“This is the bread that came down/descended from heaven
Unlike your ancestors who ate (ephagon) and died (referring to the manna in the desert)
who eats (trogon) this bread will live (zesei) for ever.”
We often overlook the importance of location, but John has drawn attention to it for a reason.
Capernaum was where Jesus started His public ministry, and where He recruited many of His apostles, and where He returned to after each Galilean mission, and after each feast day pilgrimage to Jerusalem during His public ministry, until the final journey to Jerusalem culminating in His passion, death, resurrection and ascension.
Because this is the place where the greatest number of people have had the most long term relationship with Jesus (outside of Nazareth); where the most people have heard His teachings and have seen His miracles. Therefore up till this point it has been the epicientre for disciples of Jesus and for wannabe disciples of Jesus.
At this point anyone remotely anti-Jesus has already left the discussion.
And those who remain, who have considered themselves His followers, are now in a bit of an uproar over Jesus insisting that they must eat His flesh and drink His blood.
The stakes as Jesus has laid out are extremely high, participation in the divine life,
eternal life and
bodily resurrection on the last day.
The conditions are clear: eat His flesh and drink His blood.
It is decision time.
Is this intolerable, unacceptable language?
(Has Jesus jumped the shark?)
Is this incomprehensible, but the speaker has proved His trustworthiness to us? (I don’t understand, but I believe and trust in Jesus, and I’m willing to trust Him on this crazy stuff too.)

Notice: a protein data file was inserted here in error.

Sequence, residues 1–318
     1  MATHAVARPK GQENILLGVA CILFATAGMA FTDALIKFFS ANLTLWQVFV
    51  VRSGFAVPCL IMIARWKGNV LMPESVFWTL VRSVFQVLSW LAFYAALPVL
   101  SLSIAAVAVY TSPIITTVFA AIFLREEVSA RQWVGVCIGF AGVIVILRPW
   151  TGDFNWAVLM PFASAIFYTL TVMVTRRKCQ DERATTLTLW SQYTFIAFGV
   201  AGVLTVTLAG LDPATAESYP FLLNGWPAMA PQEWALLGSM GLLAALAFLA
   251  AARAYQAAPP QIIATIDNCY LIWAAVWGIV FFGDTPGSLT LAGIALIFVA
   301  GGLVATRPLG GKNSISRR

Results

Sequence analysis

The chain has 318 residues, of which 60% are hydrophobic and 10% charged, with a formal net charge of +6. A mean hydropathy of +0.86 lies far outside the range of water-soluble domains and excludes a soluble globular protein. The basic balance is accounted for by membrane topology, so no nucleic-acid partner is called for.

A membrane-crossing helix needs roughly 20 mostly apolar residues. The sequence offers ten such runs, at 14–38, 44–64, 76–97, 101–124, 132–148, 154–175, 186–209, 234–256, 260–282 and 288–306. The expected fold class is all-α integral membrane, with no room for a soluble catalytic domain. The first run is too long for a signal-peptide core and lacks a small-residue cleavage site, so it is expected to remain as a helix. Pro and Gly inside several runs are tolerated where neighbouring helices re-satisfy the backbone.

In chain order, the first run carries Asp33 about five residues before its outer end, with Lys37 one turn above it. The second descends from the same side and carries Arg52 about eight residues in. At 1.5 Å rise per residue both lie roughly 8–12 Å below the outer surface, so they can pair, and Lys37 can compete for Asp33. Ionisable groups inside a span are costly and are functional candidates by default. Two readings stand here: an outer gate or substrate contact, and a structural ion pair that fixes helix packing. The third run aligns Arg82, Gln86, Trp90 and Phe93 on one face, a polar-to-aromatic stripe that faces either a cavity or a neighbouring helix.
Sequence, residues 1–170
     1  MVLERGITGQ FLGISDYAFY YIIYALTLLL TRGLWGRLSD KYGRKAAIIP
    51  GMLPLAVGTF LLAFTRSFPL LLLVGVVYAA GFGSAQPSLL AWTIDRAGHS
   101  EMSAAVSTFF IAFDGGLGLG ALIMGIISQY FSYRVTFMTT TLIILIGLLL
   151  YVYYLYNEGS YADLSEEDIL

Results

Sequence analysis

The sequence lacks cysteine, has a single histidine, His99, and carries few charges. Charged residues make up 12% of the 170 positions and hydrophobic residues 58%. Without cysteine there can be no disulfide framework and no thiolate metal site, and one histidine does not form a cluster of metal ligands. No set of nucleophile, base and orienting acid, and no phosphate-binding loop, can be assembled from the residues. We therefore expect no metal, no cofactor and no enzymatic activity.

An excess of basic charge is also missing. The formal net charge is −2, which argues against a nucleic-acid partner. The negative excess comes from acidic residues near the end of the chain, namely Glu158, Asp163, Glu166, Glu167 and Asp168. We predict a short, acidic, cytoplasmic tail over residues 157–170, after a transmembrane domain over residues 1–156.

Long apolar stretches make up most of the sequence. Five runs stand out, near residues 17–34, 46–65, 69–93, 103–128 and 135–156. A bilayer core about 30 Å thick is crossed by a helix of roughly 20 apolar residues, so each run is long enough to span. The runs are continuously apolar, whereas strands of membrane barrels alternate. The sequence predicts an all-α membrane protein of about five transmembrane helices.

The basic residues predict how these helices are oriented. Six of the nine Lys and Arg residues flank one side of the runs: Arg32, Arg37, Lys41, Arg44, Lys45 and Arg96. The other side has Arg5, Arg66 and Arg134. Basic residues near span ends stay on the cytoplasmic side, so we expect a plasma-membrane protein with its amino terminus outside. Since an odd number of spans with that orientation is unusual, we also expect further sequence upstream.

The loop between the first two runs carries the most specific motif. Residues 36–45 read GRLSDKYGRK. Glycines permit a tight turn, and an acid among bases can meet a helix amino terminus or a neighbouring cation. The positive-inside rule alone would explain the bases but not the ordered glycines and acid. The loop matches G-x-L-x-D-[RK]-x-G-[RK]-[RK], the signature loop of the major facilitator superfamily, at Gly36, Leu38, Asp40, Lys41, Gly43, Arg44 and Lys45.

Some left Him for good.
A much smaller number stayed with Him.
Jesus was prepared to keep on going with His mission from God even if no one stayed with Him as a disciple.
What was the difference between those who left and those who stayed?
The quality and depth of his or her personal relationship and commitment to Jesus.
The apostles, and those who similarly strong relationship with Jesus stayed.
One, Judas, stayed to see how this would pan out, gambling on the chance of a big reward.
The rest left.
This a shakeout of a similar magnitude to Gideon and the shakeout of the army mustered to fight Midian and Amalek. Judges Chapter 7. From 32000 men, 22000 left; of the 10,000 left, only 300 were chosen (and in a weird way; lapping from the water’s edge). In that account, the reduction was so that the victory would be seen to be God’s and not resultant from the might of men.
With those who are left Jesus can build something long-lasting, eternally worthwhile, despite the presence of a few treacherous and curious ones who will eventually get shaken out.
May this underline for you that Jesus is not seeking celebrity -ever – at all.
What Jesus wants above all is true commitment and deep relationship.
Have you decided what your response will be?
Do you remember how high the stakes are?
This is the time to choose all or nothing.
May the heavenly Father grant you the gift of being able to say with Simon Peter
“To whom shall we go?
You Lord have the words of eternal life.
We believe that You are the Holy One of God.”
…and then to act on it by committing yourself to full membership of a Christian community where the Eucharist is celebrated with a validly ordained priest (Roman Catholic, Eastern Rite Catholic or Orthodox) – whatever that takes. That’s full sacramental life, full community life, and full acceptance of the apostolic teaching preserved in those communities, and to a committed prayer life (personal and communal). Acts 2:42 (These remained faithful to the teaching of the apostles, to the brotherhood, to the breaking of the bread and to the prayers)
Wherever you see that your commitment is currently nil or partial in any of these areas, beg God for the grace to make full commitment in those areas.
The stakes are of eternal significance.
Do not delay your active response to Jesus.